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Championing Child Health: USD Professor’s ongoing mission in Uganda

As the University of San Diego began celebrating its 75th anniversary in January, a faculty member at the university’s Hahn School of Nursing and Health Sciences quietly planned another academic visit to Uganda to improve child health outcomes.

Associate Professor of Pediatric Nursing Martha Grant Fuller has conducted education and research for several years in Uganda, providing continuing education and training to many nurses at Holy Innocents Children’s Hospital.

“In recent years, hospitals in Uganda have increased their capacity to provide neonatal care to premature babies and those with birth asphyxia, serious infections and other conditions,” says Fuller. “Now they’re trying to set up regular systems to follow these kids after they’re discharged.”

“Groups like the American Academy of Pediatrics and California Children’s Services all recommend that babies who were born early or who had significant problems at birth be seen longitudinally using an organized system,” says Fuller. “This is how we assess the growth, neurological and developmental outcomes of infants and children who were born prematurely or very ill at birth – the aims of these programs include clinical care and research and can also act as a way to measure the quality of care provided. “

Fuller is a recognized expert in researching the long-term health outcomes of preemies, with more than 25 years in the field as a nurse. In his work, Fuller has become a “Gold Standard” examiner for multi-site studies for the National Institutes of Health, responsible for certifying other examiners to ensure that all assessments are conducted in a reliable and standardized manner.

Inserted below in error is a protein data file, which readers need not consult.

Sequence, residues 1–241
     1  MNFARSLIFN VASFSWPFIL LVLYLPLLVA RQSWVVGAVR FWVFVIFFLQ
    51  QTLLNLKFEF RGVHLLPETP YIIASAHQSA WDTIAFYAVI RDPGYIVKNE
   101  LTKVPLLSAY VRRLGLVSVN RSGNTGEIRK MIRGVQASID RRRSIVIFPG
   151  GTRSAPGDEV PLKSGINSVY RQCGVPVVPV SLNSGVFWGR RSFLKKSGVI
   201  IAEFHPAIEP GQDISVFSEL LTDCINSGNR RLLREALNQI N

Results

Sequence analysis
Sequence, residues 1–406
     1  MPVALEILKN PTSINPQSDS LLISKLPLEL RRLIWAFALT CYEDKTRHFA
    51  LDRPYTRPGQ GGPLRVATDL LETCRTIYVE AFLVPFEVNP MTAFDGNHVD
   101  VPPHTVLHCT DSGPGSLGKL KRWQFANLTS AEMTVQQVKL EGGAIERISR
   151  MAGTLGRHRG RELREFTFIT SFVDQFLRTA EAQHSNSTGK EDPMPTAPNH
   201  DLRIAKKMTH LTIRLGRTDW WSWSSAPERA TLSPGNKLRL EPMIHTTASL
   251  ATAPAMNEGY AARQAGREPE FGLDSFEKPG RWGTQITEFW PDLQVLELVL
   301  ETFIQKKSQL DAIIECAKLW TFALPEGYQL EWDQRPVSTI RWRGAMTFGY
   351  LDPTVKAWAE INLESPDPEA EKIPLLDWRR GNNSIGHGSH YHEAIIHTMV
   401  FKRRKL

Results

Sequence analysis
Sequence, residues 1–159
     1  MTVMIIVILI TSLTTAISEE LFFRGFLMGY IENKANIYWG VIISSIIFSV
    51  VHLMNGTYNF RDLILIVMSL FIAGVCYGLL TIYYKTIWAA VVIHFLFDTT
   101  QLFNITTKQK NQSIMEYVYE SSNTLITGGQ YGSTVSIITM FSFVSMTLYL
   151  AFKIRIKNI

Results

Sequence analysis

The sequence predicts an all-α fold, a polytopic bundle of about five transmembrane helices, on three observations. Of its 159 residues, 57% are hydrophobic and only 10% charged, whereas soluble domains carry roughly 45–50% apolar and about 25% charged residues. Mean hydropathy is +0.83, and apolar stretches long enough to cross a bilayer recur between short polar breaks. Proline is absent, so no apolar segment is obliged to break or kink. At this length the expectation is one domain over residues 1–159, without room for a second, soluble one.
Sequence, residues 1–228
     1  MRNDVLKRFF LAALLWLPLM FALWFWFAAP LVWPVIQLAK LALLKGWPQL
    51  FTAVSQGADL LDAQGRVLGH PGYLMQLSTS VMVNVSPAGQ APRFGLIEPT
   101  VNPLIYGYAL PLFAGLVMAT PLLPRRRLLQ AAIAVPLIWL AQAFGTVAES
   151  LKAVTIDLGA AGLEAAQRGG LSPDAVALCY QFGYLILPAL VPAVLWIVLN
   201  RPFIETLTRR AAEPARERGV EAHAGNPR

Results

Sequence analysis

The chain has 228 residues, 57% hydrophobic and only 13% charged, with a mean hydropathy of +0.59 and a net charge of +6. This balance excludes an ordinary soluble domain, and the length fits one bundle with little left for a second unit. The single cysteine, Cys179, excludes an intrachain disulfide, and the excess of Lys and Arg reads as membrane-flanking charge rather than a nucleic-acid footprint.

Fuller currently provides research assessments for the Sharp Neonatal Research Institute and is responsible for certifying examiners from other locations to perform the developmental assessment.

She traveled to Mbarara, Uganda, a day’s drive from the country’s capital, Kampala, where she shared her expertise in developing a longitudinal follow-up program, training nurses, doctors and physicians at Holy Innocents Children’s Hospital in a day-long mini-conference on Neonatal Neurodevelopmental Follow-up . Twenty-seven professionals took part, some of them from as far away as the “West Nile” region of Uganda – a 14-hour drive to the northwest bordering the Democratic Republic of Congo and South Sudan

This took place on June 11 at Holy Innocents Children’s Hospital.

The Hahn School of Nursing at the University of San Diego has a long association with Holy Innocents Children’s Hospital. Anita Hunter, PhD, RN, former faculty at the USD Hahn School was instrumental in the efforts to found this groundbreaking hospital in 2008.

James Grant

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